Bloomberg reported this week that an informed but unidentified and unauthorized person, presumably not the director, had revealed that the Serious Fraud Office was preparing to ask the UK’s Treasury to supplement its annual budget of $37 million by more than 50 per cent in connection with its investigation of market-rigging and bribery allegations.
The SFO’s annual budget, less than the cost of a single F-35 Lightning fighter, and its annual requests for supplemental financing, raise the specter that the UK may not be compliant with the United Nations Convention against Corruption (UNCAC).
Article 6 (2) of UNCAC provides that each state party should ensure that bodies responsible for implementing and enforcing anti-corruption policies should grant the body or bodies the necessary independence to enable them to carry out its or their functions effectively and free from any undue influence. Together with the necessary material resources to enable a trained and specialized staff to carry out their anti-corruption functions.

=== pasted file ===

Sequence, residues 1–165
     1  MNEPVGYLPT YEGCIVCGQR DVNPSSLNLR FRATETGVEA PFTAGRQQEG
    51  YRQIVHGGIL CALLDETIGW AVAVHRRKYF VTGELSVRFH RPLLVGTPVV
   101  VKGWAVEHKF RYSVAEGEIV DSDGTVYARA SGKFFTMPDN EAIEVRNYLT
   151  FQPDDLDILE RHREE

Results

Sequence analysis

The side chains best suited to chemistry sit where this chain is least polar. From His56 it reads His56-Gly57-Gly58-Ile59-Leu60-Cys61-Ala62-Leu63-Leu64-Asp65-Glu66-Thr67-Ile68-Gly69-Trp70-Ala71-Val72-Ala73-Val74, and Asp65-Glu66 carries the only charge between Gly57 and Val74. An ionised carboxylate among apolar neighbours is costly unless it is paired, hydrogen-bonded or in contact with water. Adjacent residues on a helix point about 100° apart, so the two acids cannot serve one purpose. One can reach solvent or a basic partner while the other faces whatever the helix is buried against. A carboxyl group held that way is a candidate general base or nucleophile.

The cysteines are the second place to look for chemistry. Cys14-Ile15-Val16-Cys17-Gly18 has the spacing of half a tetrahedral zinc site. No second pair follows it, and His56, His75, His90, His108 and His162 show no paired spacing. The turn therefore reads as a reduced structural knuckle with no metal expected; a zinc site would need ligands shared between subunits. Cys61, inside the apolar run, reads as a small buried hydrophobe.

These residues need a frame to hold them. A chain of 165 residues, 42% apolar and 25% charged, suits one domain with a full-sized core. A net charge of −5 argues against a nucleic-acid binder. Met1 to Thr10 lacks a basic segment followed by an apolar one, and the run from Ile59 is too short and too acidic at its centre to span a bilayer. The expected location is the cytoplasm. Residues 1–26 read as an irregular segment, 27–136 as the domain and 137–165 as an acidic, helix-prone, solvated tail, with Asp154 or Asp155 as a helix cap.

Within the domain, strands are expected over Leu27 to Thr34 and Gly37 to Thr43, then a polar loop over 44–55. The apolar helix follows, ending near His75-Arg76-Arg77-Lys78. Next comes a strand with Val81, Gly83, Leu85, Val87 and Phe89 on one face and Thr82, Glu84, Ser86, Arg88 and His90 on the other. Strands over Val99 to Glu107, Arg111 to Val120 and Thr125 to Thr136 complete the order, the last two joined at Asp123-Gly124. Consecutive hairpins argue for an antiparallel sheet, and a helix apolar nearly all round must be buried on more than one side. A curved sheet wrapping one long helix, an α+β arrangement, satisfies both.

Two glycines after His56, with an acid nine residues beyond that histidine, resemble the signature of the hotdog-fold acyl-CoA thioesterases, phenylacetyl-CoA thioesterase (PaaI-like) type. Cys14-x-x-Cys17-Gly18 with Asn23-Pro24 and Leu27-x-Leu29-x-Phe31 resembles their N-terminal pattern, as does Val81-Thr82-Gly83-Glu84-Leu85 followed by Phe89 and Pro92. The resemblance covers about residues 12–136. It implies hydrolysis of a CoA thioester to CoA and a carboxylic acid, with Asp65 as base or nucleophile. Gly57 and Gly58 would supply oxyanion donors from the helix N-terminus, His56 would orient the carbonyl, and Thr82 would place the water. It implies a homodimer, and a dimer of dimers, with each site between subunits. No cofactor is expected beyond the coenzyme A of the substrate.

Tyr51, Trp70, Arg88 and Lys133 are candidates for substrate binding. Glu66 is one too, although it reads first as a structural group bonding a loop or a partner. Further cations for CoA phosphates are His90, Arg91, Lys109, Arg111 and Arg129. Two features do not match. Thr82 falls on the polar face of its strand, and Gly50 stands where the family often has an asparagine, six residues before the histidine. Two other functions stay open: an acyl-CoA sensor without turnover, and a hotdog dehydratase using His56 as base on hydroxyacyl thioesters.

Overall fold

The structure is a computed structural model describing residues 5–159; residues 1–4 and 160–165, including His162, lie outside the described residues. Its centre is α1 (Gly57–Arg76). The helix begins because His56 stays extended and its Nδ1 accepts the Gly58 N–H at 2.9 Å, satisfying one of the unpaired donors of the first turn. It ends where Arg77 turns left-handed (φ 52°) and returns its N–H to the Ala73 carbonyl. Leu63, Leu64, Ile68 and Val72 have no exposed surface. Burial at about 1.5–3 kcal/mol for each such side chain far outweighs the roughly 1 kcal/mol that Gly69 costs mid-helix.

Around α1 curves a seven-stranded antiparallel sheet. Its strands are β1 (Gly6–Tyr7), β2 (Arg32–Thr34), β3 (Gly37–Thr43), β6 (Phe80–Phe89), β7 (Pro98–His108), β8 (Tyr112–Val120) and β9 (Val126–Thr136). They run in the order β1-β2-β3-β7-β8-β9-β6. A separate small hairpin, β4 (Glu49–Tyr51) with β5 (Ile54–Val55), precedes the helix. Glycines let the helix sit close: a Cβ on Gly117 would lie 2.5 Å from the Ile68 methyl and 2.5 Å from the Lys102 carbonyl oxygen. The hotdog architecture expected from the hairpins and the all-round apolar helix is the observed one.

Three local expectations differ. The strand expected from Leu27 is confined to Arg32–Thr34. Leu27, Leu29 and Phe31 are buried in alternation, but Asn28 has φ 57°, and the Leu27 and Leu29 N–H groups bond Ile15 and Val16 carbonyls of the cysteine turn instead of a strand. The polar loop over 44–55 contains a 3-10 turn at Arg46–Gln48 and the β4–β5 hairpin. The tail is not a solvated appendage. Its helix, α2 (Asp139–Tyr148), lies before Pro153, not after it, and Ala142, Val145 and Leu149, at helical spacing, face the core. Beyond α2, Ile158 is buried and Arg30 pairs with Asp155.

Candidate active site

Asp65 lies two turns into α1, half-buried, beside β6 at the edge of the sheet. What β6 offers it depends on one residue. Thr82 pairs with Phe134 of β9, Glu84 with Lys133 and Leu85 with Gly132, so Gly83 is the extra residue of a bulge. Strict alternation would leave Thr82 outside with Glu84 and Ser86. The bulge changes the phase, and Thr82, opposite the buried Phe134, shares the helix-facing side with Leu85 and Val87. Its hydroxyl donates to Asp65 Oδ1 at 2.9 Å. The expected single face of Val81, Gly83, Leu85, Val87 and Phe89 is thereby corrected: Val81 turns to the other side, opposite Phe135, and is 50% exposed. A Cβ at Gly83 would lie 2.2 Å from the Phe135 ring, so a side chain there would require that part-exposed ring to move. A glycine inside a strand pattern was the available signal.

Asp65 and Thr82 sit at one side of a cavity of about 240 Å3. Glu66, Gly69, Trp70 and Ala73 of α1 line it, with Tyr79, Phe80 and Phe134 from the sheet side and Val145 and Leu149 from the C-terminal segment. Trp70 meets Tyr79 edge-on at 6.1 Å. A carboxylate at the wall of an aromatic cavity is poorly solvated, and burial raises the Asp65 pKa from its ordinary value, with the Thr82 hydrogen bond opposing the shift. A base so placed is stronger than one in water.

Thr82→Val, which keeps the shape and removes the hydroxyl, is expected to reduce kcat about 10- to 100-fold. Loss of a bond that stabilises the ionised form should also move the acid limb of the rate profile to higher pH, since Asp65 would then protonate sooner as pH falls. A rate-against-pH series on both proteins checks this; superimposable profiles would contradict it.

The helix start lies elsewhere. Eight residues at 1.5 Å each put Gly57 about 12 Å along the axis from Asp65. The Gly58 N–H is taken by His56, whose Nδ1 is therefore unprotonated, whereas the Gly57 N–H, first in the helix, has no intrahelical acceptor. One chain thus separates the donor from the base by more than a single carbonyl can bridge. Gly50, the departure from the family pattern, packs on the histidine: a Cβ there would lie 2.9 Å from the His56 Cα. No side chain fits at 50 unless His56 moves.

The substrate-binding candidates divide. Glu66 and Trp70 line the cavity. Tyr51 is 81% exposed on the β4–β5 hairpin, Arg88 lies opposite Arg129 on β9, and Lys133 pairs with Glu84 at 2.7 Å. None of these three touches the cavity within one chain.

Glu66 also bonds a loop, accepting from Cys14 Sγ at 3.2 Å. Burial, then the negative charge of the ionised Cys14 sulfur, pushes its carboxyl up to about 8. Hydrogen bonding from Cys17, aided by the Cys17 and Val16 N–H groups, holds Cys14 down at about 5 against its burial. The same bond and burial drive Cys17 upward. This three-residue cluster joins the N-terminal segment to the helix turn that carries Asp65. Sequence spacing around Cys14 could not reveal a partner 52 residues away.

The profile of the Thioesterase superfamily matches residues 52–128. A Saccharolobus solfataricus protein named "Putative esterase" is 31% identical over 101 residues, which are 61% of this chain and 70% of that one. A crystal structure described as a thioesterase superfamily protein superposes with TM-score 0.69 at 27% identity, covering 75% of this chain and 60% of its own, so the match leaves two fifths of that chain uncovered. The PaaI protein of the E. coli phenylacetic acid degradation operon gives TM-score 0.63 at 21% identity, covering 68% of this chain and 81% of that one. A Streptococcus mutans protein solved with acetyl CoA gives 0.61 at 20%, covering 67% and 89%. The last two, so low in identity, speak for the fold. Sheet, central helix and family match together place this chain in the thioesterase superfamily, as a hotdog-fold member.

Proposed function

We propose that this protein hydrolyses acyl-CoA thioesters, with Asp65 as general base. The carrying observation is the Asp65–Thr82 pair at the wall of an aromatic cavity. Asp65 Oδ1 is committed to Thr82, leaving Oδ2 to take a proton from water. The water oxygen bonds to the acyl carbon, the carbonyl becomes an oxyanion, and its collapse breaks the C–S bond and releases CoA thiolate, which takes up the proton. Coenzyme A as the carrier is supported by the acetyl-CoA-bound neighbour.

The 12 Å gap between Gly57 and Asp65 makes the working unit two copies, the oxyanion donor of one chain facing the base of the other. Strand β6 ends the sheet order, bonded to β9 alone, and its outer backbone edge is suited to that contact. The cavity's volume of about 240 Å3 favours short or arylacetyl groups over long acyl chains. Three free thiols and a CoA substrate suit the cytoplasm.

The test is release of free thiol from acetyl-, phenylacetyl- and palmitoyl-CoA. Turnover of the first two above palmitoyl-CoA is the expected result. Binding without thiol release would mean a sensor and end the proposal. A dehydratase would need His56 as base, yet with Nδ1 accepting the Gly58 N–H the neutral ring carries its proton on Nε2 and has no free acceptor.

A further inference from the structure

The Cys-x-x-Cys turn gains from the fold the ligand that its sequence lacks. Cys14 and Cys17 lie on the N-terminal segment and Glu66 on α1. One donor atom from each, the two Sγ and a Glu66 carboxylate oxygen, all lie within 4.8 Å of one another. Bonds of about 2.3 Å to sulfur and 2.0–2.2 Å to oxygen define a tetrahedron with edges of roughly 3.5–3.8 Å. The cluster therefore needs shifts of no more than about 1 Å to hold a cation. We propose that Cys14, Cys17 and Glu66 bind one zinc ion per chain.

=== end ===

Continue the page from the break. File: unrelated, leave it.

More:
Leaving aside the adequacy of the SFO’s annual budget, the continual requests to the Treasury for supplemental finance raise a real risk that extraneous national considerations may come into play in deciding whether to grant the requested finance. Indeed, it’s highly invidious that any given SFO director may have to consider whether there are sufficient resources available to open and pursue an effective investigation without having to approach the Treasury.
Even allowing for other enforcement agencies, the SFO’s annual budget is indefensible when set against the UK’s GDP and London’s pre-eminence as a financial center. Certainly, it does not merit any comparison with either state or federal enforcement expenditure in the United States.
So if and when the SFO does submit its request for blockbuster finance, it might do no harm to point out the UK’s potential non-compliance with UNCAC.
Alistair Craig, a commercial barrister practicing in London, is a frequent contributor to the FCPA Blog.